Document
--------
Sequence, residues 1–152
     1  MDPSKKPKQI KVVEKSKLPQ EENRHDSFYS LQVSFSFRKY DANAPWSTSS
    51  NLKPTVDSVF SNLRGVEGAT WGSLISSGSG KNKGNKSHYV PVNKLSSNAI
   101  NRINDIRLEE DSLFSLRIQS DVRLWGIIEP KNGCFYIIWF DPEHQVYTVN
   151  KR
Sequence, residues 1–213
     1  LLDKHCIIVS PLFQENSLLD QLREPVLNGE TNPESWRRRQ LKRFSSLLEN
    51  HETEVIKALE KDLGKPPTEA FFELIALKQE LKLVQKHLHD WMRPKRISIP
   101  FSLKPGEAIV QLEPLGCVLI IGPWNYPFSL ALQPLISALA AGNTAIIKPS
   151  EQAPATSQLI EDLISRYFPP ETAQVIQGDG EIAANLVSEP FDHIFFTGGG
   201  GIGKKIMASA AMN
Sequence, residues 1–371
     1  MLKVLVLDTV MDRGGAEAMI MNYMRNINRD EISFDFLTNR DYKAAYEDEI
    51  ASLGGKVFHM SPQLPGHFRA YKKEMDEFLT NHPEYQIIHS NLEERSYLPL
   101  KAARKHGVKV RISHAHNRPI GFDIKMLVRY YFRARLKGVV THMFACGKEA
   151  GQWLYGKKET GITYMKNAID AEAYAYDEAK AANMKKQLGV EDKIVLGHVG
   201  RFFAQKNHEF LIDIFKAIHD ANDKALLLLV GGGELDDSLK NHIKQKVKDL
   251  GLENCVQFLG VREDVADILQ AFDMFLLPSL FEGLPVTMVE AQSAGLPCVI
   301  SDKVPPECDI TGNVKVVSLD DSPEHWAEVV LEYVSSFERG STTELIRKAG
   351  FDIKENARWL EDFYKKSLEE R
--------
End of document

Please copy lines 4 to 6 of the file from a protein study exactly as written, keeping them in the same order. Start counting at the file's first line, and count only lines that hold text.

   101  NRINDIRLEE DSLFSLRIQS DVRLWGIIEP KNGCFYIIWF DPEHQVYTVN
   151  KR
Sequence, residues 1–213